Increasing Our Impact: Promising Trends in Training and Practice of

Report
Increasing Our Impact:
Promising Trends in Training
and Practice of Related
Services and Specialized
Adaptive Physical Education
Personnel
Emily Kinsler, CCC-SLP-D
Erin Lundblom, PhD CCC-SLP
Mark Fugate, PhD
Rebecca Lytle, PhD and Robert Arnhold, PhD
Juliann Woods, PhD
The Context
• Personnel in Related Services and Adaptive PE
continue to be critical shortages in many states
nationwide
• Each area has unique expertise to contribute to young
children and students
• However, as education embraces new initiatives, the
roles/responsibilities of related service and adaptive
PE personnel can be challenged by the shifts to find
their place as members of the team
Our Goals
Presenters will illustrate examples of:
1) Coordinated University and LEA personnel
preparation
2) Integrated clinical and academic models
3) Use of data to drive practice
4) Strategies for infusing systems change content into
personnel preparation
Format
• Emily will set the stage for us from an LEA perspective
• Each OSEP funded project will share a brief synopsis
of their approach to implementation
• Q&A
• Large group idea exchange addressing challenges
CHANGING PRACTICES
OF SLPS IN SCHOOL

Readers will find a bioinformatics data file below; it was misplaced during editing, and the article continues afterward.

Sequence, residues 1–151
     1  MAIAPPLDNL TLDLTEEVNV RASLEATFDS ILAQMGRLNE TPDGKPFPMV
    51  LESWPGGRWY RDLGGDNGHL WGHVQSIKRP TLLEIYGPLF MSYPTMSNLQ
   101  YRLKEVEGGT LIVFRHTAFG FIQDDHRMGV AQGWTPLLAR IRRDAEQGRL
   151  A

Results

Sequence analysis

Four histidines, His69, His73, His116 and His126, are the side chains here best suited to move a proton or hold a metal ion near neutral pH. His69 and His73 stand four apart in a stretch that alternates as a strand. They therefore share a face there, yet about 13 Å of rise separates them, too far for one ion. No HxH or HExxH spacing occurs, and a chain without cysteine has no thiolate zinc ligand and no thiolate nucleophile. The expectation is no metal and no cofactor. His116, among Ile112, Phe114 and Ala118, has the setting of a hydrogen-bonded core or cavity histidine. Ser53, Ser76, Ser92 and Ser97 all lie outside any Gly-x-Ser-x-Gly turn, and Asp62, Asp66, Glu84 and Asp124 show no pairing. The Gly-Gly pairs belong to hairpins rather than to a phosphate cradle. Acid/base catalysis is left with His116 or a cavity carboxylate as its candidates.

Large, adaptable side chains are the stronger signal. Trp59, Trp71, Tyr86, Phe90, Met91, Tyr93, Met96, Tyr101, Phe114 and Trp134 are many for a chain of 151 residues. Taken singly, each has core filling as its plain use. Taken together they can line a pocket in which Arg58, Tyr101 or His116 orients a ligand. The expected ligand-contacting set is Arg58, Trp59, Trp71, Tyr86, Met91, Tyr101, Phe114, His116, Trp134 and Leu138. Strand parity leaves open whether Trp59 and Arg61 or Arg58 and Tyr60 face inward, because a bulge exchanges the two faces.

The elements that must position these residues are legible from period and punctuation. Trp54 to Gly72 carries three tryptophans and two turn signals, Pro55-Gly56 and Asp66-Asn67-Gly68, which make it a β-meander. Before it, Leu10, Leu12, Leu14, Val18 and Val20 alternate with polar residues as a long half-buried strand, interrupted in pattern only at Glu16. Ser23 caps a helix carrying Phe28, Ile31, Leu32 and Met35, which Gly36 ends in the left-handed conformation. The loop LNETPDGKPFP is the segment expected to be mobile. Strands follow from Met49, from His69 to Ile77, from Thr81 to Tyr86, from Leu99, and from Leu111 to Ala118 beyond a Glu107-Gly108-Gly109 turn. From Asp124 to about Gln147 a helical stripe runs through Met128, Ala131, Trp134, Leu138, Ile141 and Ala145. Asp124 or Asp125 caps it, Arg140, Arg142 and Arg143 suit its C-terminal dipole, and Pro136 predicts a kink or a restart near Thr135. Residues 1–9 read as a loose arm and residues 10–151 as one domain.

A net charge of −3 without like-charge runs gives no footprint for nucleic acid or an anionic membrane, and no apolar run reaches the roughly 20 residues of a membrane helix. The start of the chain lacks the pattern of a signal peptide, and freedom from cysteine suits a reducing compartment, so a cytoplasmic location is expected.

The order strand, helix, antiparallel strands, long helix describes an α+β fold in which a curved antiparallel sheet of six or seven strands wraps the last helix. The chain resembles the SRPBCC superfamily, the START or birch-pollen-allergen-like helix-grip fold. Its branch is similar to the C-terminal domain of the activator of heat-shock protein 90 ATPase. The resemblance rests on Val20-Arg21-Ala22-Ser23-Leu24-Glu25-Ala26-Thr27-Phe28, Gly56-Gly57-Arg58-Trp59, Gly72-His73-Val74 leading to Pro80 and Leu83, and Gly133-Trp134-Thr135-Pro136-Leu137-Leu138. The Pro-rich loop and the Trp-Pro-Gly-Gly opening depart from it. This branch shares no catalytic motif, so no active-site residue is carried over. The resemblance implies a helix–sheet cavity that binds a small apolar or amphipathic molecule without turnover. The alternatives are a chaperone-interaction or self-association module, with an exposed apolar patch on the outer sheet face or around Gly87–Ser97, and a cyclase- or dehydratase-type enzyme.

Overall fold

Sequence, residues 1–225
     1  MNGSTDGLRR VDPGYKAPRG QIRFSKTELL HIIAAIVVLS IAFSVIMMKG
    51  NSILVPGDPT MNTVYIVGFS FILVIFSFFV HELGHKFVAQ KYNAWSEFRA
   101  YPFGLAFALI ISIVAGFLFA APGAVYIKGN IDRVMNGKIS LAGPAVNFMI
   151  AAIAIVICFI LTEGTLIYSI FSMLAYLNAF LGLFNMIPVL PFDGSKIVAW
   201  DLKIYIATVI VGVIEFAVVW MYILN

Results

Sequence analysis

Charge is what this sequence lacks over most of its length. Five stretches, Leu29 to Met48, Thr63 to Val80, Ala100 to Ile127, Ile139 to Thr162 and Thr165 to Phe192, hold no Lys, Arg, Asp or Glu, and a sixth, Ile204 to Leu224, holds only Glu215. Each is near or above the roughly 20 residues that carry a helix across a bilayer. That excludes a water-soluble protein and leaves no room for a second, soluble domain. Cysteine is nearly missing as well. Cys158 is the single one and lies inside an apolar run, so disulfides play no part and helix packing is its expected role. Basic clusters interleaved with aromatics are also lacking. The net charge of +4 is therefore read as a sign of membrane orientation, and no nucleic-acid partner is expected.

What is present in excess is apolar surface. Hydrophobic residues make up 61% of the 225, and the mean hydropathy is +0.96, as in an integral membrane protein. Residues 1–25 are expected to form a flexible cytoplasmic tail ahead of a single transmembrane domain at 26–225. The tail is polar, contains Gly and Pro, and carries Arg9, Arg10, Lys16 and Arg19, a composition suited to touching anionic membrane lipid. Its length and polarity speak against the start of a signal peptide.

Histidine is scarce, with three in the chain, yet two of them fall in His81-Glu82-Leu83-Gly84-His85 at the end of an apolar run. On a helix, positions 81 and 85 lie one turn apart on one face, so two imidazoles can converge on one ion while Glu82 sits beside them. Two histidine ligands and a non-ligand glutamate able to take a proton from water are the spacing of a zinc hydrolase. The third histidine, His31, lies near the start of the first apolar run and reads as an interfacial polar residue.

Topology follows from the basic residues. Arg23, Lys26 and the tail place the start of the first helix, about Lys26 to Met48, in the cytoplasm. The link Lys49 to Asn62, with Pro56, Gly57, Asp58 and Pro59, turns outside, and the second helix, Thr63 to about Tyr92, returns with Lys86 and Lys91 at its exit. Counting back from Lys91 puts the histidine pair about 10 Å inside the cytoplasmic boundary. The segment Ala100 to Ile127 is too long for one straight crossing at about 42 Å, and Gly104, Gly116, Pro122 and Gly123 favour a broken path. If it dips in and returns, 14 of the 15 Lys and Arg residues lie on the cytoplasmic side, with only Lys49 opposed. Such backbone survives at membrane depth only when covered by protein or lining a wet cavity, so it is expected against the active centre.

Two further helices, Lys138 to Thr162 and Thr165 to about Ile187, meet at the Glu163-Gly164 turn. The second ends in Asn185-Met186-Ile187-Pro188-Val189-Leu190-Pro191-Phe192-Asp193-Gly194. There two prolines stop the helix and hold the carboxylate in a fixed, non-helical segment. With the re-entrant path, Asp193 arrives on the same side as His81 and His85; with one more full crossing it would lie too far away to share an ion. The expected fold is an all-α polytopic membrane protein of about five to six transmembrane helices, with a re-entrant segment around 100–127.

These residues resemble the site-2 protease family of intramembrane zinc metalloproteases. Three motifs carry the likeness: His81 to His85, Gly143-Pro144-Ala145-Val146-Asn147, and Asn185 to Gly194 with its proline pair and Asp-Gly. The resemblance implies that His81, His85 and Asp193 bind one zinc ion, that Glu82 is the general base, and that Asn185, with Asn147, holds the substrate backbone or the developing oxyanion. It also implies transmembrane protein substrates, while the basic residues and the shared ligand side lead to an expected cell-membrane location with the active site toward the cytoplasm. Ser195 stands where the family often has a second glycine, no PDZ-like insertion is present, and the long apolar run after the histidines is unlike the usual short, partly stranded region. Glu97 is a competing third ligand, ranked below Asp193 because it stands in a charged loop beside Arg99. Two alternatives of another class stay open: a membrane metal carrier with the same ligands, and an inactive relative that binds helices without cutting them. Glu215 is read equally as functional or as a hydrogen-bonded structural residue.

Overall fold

SETTINGS
Emily Kinsler, CCC/SLP.D.
Howard County, Maryland
Public School System
Unique Roles of an SLP
• Provide appropriate assessment and
treatment of students in all educational
settings ranging from pre-kindergarten
through high school, including transitional
programs.
6
Different Perspective
7
Current Trends
•
•
•
•
•
•
•
Integration of services
Inclusive practices
Data driven decision-making
Accountability
Collaboration
Evidence Based Practices
RTI
My Kids…Your Kids…Our Kids
Educational Reform and SLPs
• Closing the gap
• Changing demographics
• Improving educational outcomes for diverse
learners
• College and Career Ready
Presuming Competence
“
”
--Douglas Biklen
“
”
~Helen Keller
Seven Tenets
the mindset for all providers
•
•
•
•
•
PRESUMED COMPETENCE
ONLY AS SPECIAL AS NECESSARY
QUESTION EVERYTHING
PROVIDE ACADEMIC CHALLENGE TO ALL
PRACTICE RADICAL AND RELENTLESS ROLE
SHARING
• BURN THE CHAIR
• SEE INCLUSION AS A PROCESS NOT A PLACE
21st Century Skills for Service Providers
in Public Schools
• What are we looking for in our Clinical
Fellows?
• What skills and experiences would be
beneficial for them in their preparatory
programs?
COLLABORATIVE SERVICE DELIVERY:
FROM INSTRUCTION TO
IMPLEMENTATION
Erin E.G. Lundblom, Ph.D. CCC-SLP
Associate In
Florida State University
[email protected]
Mismatch?
• IDEA encourages new approaches.
• Need for collaboration and classroom based services to support RTI.